field notes // pearisburg, VA to waynesboro, VA

The first part of this leg was a little weird. We were between bubbles, I guess, seeing no one or almost no one all day and camping alone at night. We felt like we’d fallen way behind or something.

But then we climbed the Dragon’s Tooth and came down to stay at Four Pines Hostel. I hadn’t really known what to expect from the place but it turned out to be a small farm with a big converted garage behind the alpaca pasture full of an odd assortment of beds. We set up our tent near the chicken coop and had a shower and a ride to The Homeplace, a family style all you can eat comfort food place.

We met Kat and Kat and MacGyver and Animal there and hiked out with them the next day to MacAfee’s Knob and Tinker Cliffs and camped with them that night. We lost Kat and Kat and Mac when we zeroed in Daleville a day later, but we’ve been hiking with Animal ever since. I really appreciate his constant good spirits and jokes, especially through this last section.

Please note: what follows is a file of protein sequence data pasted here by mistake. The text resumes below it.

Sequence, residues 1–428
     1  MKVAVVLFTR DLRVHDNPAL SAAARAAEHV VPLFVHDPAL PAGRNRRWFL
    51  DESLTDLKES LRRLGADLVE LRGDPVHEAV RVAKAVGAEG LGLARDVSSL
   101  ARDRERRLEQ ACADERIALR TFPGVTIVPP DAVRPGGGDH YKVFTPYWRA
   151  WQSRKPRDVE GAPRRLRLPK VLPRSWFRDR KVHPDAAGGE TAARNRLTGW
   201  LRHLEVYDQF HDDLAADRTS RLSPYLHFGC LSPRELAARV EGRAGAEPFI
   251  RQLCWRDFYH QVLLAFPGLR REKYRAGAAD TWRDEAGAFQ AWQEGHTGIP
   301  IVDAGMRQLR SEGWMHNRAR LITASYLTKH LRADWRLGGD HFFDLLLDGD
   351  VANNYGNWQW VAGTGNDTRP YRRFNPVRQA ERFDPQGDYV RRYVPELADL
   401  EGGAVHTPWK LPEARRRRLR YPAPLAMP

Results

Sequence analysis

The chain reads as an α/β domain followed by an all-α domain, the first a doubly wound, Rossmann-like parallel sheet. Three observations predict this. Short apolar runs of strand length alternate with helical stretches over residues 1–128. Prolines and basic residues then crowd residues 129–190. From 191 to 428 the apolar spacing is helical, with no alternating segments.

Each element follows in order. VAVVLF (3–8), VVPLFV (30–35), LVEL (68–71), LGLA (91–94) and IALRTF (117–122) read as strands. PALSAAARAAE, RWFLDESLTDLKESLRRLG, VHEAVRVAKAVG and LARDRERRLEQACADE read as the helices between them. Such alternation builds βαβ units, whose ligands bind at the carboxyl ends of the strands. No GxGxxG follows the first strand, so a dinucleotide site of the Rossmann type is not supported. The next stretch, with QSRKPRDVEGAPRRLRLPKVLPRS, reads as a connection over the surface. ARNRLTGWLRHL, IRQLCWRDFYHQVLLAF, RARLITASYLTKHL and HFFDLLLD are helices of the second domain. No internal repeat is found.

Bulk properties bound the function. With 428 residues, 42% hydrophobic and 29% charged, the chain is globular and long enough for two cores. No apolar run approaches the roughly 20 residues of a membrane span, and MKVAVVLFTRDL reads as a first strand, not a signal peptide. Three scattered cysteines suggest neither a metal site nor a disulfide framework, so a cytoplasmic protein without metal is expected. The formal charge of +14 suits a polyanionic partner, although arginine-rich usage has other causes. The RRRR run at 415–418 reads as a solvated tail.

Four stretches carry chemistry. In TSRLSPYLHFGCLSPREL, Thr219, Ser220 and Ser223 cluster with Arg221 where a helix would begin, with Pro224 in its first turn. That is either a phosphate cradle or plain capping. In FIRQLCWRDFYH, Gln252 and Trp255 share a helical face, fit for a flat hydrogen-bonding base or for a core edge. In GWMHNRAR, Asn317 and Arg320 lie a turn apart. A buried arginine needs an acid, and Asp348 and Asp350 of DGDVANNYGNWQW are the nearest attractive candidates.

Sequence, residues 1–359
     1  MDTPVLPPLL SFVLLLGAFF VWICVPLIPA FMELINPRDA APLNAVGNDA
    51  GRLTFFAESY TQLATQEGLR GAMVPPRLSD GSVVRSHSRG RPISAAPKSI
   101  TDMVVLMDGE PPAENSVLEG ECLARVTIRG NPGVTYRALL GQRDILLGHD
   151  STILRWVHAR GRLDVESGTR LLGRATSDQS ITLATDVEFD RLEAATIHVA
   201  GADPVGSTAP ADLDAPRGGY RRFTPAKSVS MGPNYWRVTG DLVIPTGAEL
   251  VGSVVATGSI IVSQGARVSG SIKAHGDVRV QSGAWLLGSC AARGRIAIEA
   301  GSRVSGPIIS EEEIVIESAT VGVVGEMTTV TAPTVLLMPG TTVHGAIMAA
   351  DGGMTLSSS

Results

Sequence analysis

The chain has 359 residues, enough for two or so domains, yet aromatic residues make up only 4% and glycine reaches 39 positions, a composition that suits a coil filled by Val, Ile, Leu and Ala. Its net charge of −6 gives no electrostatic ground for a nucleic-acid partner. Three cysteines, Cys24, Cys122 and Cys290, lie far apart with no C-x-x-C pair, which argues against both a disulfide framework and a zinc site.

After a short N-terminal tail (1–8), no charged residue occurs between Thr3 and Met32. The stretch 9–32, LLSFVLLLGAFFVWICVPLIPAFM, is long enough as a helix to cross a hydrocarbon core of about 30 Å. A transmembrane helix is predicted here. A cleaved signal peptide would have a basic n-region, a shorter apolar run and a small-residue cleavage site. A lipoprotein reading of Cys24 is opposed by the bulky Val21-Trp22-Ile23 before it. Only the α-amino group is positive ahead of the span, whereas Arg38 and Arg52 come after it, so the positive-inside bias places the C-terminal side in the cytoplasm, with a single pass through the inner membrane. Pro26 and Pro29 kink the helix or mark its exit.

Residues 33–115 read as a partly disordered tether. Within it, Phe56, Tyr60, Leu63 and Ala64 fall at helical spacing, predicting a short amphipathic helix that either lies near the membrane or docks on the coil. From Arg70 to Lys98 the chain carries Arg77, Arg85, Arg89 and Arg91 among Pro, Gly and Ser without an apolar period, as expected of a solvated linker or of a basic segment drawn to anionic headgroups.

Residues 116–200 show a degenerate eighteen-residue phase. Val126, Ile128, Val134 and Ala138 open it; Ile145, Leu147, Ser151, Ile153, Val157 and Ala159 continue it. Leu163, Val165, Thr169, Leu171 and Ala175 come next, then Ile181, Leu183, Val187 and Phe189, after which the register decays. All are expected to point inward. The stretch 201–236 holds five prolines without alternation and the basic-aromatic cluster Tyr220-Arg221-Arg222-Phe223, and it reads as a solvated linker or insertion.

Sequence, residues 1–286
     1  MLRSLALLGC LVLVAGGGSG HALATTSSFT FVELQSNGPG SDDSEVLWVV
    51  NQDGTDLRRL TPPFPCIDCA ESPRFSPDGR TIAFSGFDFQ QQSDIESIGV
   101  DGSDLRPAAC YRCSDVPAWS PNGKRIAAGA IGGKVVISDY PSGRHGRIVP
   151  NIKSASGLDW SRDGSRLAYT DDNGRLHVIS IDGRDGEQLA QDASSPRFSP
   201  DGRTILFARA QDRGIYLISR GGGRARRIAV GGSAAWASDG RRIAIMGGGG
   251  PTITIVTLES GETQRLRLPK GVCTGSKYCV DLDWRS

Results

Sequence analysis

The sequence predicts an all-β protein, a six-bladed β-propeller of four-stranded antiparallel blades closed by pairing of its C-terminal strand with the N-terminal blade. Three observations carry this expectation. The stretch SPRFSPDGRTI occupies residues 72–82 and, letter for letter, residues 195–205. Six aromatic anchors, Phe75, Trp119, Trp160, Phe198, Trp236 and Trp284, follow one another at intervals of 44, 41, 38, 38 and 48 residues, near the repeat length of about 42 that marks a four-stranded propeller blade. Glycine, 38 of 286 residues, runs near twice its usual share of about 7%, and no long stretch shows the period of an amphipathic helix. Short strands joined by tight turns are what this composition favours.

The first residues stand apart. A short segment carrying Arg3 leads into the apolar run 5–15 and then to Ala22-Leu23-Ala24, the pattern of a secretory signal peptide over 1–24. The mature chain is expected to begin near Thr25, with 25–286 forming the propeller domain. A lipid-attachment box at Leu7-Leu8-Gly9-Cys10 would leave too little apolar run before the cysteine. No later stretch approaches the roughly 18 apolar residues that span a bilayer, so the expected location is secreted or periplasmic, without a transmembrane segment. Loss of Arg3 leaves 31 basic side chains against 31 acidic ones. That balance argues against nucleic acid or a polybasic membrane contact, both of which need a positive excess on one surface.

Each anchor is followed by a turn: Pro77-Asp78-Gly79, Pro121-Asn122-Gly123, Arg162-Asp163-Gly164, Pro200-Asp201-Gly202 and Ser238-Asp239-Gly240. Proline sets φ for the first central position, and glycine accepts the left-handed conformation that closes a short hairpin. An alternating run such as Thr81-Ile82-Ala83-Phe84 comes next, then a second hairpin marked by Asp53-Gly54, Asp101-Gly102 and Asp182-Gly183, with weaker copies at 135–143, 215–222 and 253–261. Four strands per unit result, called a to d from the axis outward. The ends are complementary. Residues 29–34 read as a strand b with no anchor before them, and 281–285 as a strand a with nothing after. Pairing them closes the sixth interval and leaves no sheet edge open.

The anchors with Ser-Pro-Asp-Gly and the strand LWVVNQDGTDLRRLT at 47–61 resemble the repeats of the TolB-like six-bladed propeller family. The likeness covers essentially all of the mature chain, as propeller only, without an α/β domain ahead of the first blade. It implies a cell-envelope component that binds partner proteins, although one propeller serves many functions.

It’s been very beautiful, but tough hiking lately. We had a lot of big climbs, usually began each day with one, and the 90 degree temps didn’t help either. Also lots of rocks, sharp descents, terrible bugs, and the fact that I was hiking in new shoes that hurt my feet. I might say this every time, but I don’t think I’ve ever been so glad to get into a town. We went straight to the Chinese buffet in Waynesboro and shamefully ignored their polite note alerting us to the presence of free showers just down the street. It was a good try, but it’s really hard to get thru-hikers to walk away from the buffet they worked so hard to get to, even temporarily.

We also did our fastest 100 miles this stretch, and had our most panoramic campsite (at the top of Humpback Mountain). We got to hit up several swimming holes (and even build one). We got trail magic again, for the first time in a long time. So it’s still going well.

I’m typing this from our campsite for our first night in Shenandoah. We’ve been excited to get here for awhile. The terrain should (hopefully) be a little gentler, and there are plenty of opportunities to grab milkshakes and cheeseburgers along the way. And at the end of it lies Harper’s Ferry, the symbolic though not actual halfway point. When we get there, we’ll have hiked a 1,000 miles. We’ll finally get out of Virginia. We’ll be halfway done, out of the south and into new (to me) territory.

So we’re feeling good and ready to see what’s next!